In a pub who would a guest? And we were both out with friends and the rest, they say carries history. We were in Edinburg for, I don't know, six, nine months. And then moved to Singapore. Yeah we would, I've never won to shy away from an adventure. We decided let's move to Singapore and see what the, as they say here in Ireland, what the crack is with.

Kerry: English.

English has spoken at Singapore cuz you're the second bunch of Irish folk that I've known to. Oh,

Alex: Singapore. Yeah. That's yeah, there's an interesting question. In Singapore they have several different languages.

There's English, there's Mandarin Chinese, and there's Malay. And then there's also I wouldn't know exactly which one it is, but there's an. Dialect also that's there. It's a former British colony, that got independence after world war II and yeah there's a whole mixing pot of people there.

So it's not hard to,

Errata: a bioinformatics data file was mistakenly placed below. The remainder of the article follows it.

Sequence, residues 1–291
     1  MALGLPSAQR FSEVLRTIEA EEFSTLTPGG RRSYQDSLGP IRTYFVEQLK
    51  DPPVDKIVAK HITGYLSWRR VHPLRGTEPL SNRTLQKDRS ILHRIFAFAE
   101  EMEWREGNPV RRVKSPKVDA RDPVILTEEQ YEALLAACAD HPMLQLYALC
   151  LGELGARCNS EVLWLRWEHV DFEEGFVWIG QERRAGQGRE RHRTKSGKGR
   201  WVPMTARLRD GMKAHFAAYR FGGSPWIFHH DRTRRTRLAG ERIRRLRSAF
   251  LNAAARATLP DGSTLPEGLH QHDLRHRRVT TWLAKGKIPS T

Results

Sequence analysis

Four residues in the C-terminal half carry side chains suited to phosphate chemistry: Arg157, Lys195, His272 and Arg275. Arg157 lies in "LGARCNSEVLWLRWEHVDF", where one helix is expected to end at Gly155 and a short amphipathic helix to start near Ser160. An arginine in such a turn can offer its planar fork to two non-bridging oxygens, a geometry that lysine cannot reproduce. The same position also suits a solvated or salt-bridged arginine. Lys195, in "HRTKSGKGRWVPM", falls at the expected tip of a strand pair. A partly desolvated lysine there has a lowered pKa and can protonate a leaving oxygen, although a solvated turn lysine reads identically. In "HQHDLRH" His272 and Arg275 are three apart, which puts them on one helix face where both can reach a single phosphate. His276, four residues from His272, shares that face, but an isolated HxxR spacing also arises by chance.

Kerry: to talk to people

Alex: then. No, it's very, yeah. I thought it was a global fix. We were there for two years. I was running a little brew pub there called the pump room making beer. And yeah, it was great. There's a real kick in the pants, as I say where I think what I got, there was a lot of confidence of I don't know exactly how it's gonna happen, but I'm pretty sure we can do it.

I don't know. I don't know how we're gonna get hops into Singapore, but I know some people I can call and email and we have money and people usually sell things for money.

Kerry: So, uh,

How did you end up back in